ENT 640 — Evaluating

The Importance of Evaluating

As I sat here watching the sunset, I completed the section on Evaluating in the book, Winning Angels.  I am sure that the sun has set on many successful deals because of poor evaluating or lack of trust in the Entrepreneur, the business model, the context or the structure of the deal.  As Entrepreneurs, we will be faced with making investments on opportunities that come our way.  I have actually taken a personal risk philosophy test and have determined that I am a medium risk taker.  

Like Winning Angels highlights, an investor has to be confident in the people you are dealing with.  The people include, not only the entrepreneur, but also the team members, other investors, advisors and stakeholders.  The section on sourcing also pointed out that it is important to have experienced entrepreneurs when contemplating an idea.  The entrepreneurs that winning angel investors  look for have knowledge of their industry, skills necessary to start a business, and goals for the company.  The one factor that this book mentions that really attracts investors is the existence of an exit strategy.  

One section that I found really interesting was the rejection section. As an investor, it is important to be timely with your decisions. Being of your word helps build your reputation as an investor. This reputation will win you more referrals. As an entrepreneur, you can learn from rejections. Many times you will obtain constructive criticism. Take the advice of the entrepreneur and use it to your advantage by improving your business model if necessary.

If I was evaluating myself as a potential investment, I would say that I am in the learning stage of my industry.  The regulations are up in the air at this present time. My company is in the beginning stage of an industry with a huge amount of competition.  As I look at the risk in the hemp industry, the return would need to be high to make this investment worthwhile.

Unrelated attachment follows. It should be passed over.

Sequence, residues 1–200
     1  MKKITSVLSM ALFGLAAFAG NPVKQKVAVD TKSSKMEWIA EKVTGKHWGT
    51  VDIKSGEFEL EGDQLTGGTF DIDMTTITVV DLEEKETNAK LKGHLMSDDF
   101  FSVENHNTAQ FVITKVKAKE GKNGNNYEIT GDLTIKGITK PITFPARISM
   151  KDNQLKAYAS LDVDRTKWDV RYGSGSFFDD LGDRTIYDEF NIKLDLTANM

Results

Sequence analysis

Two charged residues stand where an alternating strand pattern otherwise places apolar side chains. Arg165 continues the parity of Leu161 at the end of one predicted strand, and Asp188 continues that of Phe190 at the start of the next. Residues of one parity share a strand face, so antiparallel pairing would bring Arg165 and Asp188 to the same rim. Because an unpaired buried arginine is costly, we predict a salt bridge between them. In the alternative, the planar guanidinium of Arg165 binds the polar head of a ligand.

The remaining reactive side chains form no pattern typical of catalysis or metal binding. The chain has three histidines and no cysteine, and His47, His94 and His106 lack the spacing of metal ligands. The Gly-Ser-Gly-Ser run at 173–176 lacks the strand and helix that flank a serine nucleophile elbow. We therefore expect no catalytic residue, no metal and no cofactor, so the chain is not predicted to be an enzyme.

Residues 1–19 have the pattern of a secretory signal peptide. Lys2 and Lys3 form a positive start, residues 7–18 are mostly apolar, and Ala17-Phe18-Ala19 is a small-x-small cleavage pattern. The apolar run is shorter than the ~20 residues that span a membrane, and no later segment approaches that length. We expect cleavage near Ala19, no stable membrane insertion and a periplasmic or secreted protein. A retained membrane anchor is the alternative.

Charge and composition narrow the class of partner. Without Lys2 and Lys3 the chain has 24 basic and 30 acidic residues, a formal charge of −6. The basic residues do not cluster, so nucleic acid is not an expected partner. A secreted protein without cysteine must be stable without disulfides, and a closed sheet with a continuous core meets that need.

Amis, David, and Howard H. Stevenson. Winning Angels: the Seven Fundamentals of Early-Stage Investing. Financial Times Prentice Hall, 2001.

9 thoughts on “ENT 640 — Evaluating

  1. Hello Tina, It is important as entrepreneurs to understand what an investor is looking for in order to be ready for some tough questions. It seems like a great idea, market potential, and an awesome team are consistent qualities an angel investor might be looking for in a startup. Even though you are at the beginning stage, you have customers. Because of that, I think an investor would give your business consideration!
    Best regards,
    Mike Weimar


  2. Tina,

    I believe that no business or business owner should be discarded by investors. It may be that beginners like us turn into very profitable business ventures with a large market share in a short time frame. We’re in business because we have a mission and a vision, and want to achieve greatness. During the evaluation phase, if one investor turns us down, learn from it, move on, and try another one. As the author mentioned the entrepreneur is the one doing most of the work in this phase. We need to make sure it’s worth the time and effort 🙂

    Great review!

    Best regards,

    Liked by 1 person

    1. Semir,
      Thank you for the encouraging reply. I love hearing the success stories of entrepreneurs that do not give up. Not giving up on your vision is very important. Again, thank you for your comment.


  3. Tina,
    I enjoyed reading your assessment of the evaluation section. One thing that I have not thought of until reading the book was how a rejection letter could cause an investor to gain more referrals. The point you bring up about being timely makes a lot of sense. I am a person that struggles with patience. If a person didn’t waste my time, I would look at them with more respect than those that would. This respect could easily cause me to refer a different business owner to talk with that investor.

    Liked by 1 person

  4. Dustin,
    Thank you for your response. I think it is important not to waste people’s time. I also think that respect goes a long way with a relationship between an entrepreneur and an investor.


  5. I enjoyed reading your post on evaluating. The way that you incorporated the sunset into your post was an excellent touch. I agree that keeping promises and following through are essential not only for investors, but for entrepreneurs and anyone in general. The personal risk philosophy test is intriguing as I have not heard of this previously. I consider myself risk averse, and I am curious as to what my results would be. Great post!

    Liked by 1 person

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